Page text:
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Popular Medicine


Malt

Medicine was largely unregulated in the 1890s. Professional organizations of doctors and nurses existed, but many Americans relied on homeopathy and family remedies based on herbs, foods, and household items. In the era before germ theory and antibiotics, families regularly lost children in infancy and incurable chronic diseases were common, creating a huge market for any remedies that might work. Liquor and opium derivatives were in wide use as painkillers, and the line between "medicine," "drugs," and "alcohol" often blurred. In states that had passed prohibition laws, pharmacists frustrated anti-liquor advocates by selling over-the-counter nostrums with high alcoholic proofs.


Malt ad, (left) from Harper’s Weekly, 6 October, 1896


Salesmen carried on a flourishing trade in nostrums and pills, both door to door and through the pages of newspapers and journals. Often featuring celebrity endorsements--by former Civil War generals and the wives of leading politicians, among others--these ads promised sweeping cures for all sorts of problems. Political speakers and writers often described platforms as a form of "good medicine," but cartoonists also recognized and used the widespread stereotype of the "patent-medicine salesman," a huckster who tricked gullible listeners into believing his claims. Bryan, because he relied more heavily than McKinley on public speaking tours, was particularly vulnerable to such caricatures.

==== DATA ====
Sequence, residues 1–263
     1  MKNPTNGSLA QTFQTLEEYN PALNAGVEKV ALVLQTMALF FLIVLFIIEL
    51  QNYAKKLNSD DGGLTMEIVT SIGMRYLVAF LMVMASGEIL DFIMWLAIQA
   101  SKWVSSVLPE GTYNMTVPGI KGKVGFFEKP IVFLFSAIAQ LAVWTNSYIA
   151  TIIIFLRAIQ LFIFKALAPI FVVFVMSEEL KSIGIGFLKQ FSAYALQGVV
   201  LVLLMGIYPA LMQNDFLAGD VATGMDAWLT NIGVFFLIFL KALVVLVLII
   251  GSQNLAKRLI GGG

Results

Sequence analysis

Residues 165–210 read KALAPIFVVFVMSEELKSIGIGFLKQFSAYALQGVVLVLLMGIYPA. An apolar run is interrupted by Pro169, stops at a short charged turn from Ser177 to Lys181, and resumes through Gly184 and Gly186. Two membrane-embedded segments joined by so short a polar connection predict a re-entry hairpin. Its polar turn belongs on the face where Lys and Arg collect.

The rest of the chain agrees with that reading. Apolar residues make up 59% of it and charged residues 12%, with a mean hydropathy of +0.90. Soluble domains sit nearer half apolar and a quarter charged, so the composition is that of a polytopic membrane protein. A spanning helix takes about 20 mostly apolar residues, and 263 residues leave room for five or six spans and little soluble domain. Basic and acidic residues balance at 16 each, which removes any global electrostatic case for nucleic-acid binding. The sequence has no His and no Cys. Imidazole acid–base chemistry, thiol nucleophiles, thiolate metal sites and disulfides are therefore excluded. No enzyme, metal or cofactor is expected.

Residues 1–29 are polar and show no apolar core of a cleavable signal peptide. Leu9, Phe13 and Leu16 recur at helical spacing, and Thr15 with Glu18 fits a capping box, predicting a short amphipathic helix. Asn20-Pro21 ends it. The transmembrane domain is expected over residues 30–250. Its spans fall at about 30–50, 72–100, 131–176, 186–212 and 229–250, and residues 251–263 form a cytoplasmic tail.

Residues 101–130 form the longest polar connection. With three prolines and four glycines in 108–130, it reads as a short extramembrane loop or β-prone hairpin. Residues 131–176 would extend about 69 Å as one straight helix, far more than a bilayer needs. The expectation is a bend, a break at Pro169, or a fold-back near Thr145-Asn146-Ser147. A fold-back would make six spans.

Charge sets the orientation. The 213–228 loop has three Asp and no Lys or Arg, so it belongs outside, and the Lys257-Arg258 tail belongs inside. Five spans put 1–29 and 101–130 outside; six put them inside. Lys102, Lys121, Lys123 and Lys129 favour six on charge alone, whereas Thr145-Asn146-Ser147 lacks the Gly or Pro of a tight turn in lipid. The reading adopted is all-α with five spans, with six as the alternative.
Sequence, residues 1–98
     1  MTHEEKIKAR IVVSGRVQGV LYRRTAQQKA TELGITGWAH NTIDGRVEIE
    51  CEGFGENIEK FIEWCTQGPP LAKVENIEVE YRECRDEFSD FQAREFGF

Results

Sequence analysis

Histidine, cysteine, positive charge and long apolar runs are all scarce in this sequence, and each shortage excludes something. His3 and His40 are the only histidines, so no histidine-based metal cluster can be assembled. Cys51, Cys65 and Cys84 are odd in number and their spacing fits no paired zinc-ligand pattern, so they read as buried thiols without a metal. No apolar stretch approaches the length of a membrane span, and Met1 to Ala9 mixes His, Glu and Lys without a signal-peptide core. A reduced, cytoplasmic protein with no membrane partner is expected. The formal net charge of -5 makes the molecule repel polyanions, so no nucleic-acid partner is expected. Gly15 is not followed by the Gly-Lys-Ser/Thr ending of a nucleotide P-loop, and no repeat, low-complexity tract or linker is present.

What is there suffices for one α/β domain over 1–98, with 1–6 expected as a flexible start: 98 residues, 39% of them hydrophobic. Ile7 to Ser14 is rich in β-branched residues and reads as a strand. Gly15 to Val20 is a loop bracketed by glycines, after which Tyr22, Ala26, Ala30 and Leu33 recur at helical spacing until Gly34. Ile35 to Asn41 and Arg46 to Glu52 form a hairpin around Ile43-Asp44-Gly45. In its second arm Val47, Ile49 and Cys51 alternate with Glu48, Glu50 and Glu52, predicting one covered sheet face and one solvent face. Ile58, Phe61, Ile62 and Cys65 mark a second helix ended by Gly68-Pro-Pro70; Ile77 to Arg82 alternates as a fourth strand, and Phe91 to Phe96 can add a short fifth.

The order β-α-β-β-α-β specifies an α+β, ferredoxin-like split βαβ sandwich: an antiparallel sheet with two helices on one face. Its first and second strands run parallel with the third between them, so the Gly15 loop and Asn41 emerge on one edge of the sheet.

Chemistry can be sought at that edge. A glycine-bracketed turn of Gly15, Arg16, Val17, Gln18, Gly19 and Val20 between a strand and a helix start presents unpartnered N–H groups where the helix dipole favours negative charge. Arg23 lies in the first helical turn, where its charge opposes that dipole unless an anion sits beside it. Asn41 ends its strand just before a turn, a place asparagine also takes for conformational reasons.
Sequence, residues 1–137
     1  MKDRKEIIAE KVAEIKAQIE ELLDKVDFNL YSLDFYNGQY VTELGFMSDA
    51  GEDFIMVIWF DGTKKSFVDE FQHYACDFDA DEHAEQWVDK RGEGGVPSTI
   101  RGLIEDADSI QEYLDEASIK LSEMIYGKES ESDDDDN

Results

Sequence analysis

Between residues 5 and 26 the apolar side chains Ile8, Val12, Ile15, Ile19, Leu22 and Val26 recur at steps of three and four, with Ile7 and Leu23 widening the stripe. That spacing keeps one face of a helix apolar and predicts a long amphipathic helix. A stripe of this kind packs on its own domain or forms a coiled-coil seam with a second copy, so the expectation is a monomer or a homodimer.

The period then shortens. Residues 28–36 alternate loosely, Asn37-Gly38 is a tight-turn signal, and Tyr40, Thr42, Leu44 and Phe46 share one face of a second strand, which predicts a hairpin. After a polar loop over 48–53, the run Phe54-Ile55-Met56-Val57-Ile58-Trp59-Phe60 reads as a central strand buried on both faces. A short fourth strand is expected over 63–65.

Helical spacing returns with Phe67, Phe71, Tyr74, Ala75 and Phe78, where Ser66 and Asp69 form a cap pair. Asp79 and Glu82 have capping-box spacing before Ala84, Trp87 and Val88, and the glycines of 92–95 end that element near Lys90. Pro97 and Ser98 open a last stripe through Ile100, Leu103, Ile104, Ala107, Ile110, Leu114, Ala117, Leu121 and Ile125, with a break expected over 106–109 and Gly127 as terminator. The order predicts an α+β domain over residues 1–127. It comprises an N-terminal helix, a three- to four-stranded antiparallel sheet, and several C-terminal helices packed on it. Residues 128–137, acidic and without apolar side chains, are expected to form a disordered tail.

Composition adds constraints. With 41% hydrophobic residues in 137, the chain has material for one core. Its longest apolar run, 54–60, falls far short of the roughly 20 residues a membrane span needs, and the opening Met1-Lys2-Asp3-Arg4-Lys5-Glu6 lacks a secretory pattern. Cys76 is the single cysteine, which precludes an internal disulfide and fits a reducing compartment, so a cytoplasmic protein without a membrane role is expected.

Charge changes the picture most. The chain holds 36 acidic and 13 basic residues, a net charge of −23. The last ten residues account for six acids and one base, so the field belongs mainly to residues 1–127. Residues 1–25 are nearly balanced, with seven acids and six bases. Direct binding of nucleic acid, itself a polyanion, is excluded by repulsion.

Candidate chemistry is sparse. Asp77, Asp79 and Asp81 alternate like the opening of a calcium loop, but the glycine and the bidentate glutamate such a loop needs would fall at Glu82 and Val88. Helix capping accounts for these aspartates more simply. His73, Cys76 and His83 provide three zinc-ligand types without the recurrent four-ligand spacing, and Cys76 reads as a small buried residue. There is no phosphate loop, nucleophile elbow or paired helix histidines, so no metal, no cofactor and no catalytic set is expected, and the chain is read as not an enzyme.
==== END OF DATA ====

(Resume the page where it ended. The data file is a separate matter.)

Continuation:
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Mark Hanna is firmly of the belief that the only effective confidence restorative is put up at Canton. —National Reflector (African-American), 31 October 1896